If he is confident that the Most High will reward those fearing him, a person will not become bitter when he witnesses what Solomon next describes: “There exists a vanity that is carried out on the earth, that there exist righteous ones to whom it is happening as if for the work of the wicked ones, and there exist wicked ones to whom it is happening as if for the work of the righteous ones. I said that this too is vanity.” (Eccl. 8:14) Jehovah God is not to blame for such injustice. It is “a vanity that is carried out on the earth”—something for which imperfect humans are responsible. At times this is due to official corruption, at other times it is simply due to a lack of knowledge or appreciation of God’s fine standards set forth in his Word.
The God-fearing person does not permit the world’s inequities to spoil his enjoyment of life. He realizes that he simply cannot change what God till now has tolerated among humans, and he therefore acts in agreement with Solomon’s words: “I myself commended rejoicing, because mankind have nothing better under the sun than to eat and drink and rejoice, and that it should accompany them in their hard work for the days of their life, which the true God has given them under the sun.” (Eccl. 8:15) Yes, the best course in life is to maintain a proper fear of the Creator while finding satisfaction from work and through wholesome enjoyment of food and drink. For a person to worry and fret about all the wrongs in this system would only be frustrating and would detract from the enjoyment of life. It could ruin his own spirituality and happiness. Fretting or complaining will not speed up the relief due to come through God’s removal of the present order and its replacement by a righteous new order.—Ps. 37:5-7.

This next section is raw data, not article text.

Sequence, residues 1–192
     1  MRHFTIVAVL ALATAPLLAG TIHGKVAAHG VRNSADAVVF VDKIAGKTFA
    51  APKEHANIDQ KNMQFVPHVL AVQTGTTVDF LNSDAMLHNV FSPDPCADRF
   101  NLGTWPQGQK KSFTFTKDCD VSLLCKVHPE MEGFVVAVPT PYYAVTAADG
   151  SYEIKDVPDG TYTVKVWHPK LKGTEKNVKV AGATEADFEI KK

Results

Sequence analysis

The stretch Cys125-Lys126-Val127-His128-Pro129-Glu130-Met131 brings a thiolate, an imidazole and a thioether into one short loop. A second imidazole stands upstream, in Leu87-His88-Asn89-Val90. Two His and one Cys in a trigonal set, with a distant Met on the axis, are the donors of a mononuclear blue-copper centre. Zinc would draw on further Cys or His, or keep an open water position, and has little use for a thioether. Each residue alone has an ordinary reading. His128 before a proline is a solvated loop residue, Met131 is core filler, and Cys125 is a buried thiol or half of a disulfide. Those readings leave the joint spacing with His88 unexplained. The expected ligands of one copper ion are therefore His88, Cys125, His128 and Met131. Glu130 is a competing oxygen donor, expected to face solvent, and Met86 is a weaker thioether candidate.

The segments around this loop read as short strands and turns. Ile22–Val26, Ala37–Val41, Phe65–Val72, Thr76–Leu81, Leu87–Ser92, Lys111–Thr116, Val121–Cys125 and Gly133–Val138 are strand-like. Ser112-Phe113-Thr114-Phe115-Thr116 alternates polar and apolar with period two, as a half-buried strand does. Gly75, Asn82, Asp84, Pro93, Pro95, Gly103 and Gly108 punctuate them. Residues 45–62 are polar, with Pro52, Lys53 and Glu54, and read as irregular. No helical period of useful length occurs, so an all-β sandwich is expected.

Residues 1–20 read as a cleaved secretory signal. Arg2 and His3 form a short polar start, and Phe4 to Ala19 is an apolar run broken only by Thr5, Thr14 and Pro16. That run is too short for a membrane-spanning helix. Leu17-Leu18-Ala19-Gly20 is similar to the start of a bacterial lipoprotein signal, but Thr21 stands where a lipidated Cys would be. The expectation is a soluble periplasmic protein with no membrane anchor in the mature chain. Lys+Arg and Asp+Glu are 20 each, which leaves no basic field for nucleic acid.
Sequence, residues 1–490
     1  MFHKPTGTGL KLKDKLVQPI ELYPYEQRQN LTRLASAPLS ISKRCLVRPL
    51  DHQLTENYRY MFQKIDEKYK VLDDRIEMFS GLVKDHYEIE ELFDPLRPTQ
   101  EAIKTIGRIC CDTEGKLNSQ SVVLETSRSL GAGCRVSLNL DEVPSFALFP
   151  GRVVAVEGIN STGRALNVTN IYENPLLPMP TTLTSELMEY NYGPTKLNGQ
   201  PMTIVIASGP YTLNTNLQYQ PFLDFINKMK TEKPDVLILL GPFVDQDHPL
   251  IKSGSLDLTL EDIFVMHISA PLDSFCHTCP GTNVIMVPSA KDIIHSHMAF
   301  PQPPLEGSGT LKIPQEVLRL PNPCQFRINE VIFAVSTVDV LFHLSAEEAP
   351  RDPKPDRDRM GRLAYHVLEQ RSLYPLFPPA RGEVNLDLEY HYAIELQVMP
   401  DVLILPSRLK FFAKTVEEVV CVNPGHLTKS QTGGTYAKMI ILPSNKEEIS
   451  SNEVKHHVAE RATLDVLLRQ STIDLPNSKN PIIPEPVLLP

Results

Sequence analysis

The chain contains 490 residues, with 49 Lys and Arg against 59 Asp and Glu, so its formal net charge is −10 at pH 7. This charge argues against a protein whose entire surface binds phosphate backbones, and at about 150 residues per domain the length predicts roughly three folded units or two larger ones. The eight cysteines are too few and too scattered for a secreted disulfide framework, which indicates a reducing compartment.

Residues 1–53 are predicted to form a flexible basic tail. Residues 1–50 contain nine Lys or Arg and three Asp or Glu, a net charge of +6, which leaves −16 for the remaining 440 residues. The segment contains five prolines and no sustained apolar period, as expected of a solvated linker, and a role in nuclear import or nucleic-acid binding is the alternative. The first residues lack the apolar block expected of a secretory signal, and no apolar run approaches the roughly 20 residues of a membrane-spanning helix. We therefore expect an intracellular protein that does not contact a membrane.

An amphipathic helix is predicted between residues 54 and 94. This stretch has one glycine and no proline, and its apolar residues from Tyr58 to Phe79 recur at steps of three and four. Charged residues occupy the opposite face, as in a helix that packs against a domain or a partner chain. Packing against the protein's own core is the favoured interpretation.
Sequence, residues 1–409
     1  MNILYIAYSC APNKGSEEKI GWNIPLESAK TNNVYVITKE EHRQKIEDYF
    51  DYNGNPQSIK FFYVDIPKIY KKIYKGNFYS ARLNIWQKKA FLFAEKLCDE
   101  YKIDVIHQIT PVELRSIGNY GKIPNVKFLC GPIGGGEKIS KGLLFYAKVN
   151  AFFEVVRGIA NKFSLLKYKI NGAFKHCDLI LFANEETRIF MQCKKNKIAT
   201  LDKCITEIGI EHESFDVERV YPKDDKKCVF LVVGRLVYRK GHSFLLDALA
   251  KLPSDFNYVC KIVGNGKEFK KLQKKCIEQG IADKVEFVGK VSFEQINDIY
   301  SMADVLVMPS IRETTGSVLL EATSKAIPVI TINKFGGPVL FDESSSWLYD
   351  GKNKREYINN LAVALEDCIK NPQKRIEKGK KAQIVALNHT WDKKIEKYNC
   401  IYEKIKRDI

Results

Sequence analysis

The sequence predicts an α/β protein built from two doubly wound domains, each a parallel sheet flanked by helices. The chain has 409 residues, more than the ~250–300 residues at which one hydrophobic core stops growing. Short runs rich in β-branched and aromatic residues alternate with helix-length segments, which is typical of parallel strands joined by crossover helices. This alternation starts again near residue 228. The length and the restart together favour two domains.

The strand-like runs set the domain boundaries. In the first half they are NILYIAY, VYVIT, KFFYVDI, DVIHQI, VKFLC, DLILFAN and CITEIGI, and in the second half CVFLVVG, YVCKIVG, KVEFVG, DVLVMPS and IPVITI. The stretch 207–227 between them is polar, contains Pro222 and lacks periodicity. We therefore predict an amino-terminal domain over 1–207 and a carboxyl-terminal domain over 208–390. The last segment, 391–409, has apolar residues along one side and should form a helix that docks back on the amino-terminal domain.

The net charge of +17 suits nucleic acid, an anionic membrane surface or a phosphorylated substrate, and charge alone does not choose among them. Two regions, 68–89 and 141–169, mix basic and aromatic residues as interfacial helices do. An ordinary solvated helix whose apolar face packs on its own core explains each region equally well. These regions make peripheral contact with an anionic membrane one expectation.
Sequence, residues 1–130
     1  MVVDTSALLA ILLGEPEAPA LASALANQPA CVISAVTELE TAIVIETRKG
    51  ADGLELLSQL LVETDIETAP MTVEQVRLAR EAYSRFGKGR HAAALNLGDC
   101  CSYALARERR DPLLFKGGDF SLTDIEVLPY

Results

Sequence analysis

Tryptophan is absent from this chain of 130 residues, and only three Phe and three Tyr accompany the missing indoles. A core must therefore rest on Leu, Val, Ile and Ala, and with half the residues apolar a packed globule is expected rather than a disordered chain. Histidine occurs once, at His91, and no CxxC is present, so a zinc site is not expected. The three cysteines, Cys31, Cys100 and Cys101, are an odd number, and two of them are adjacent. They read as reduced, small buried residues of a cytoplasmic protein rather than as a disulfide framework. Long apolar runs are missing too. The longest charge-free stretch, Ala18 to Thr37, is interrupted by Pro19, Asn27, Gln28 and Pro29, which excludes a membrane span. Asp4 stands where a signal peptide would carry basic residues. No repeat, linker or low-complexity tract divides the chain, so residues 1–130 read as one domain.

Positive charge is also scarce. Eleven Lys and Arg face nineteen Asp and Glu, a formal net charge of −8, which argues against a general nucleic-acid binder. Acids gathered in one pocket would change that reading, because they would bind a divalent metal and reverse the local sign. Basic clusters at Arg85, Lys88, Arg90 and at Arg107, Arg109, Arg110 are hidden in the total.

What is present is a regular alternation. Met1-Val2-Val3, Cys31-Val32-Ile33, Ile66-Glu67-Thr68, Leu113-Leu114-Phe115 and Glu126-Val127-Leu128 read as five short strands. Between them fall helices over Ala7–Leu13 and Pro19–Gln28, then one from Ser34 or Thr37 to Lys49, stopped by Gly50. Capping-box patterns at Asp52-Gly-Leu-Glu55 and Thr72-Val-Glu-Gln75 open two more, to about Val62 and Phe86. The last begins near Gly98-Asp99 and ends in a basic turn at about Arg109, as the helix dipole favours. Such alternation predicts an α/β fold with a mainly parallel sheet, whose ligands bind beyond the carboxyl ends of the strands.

Furthermore, nothing is gained by trying to discover some rule or formula that might explain in full and exact detail why things happen as they do in this world. Wise King Solomon and others long ago made a careful survey of human affairs. Yet they could not discover such a precise rule by which to determine just what to expect in every case. Solomon remarked: “In accord with this I applied my heart to know wisdom and to see the occupation that is carried on in the earth, because there is one seeing no sleep with his eyes, either by day or by night. And I saw all the work of the true God, how mankind are not able to find out the work that has been done under the sun; however much mankind keep working hard to seek, yet they do not find out. And even if they should say they are wise enough to know, they would be unable to find out.”—Eccl. 8:16, 17.
Note that Solomon referred to the things that take place among mankind as the “work of the true God.” This can be said because everything occurs at his permission or toleration, but not because God initiates, backs up or approves of all that is done. Even though a person may sacrifice sleep, he simply will not be able to fathom the full scope of what God does and tolerates in the eventual outworking of his grand purpose. This is the thought conveyed by Moffatt’s translation of King Solomon’s words: “When I gave my mind to the study of wisdom, to study all the busy life of the world, I found that man is unable to grasp the truth of all that God is doing in this world; he may labour in his efforts to attain it, in a sleepless quest for it by day and night, but he will never find it out; a wise man may think he is coming on the secret, but even he will never find it out.”—Eccl. 8:16, 17.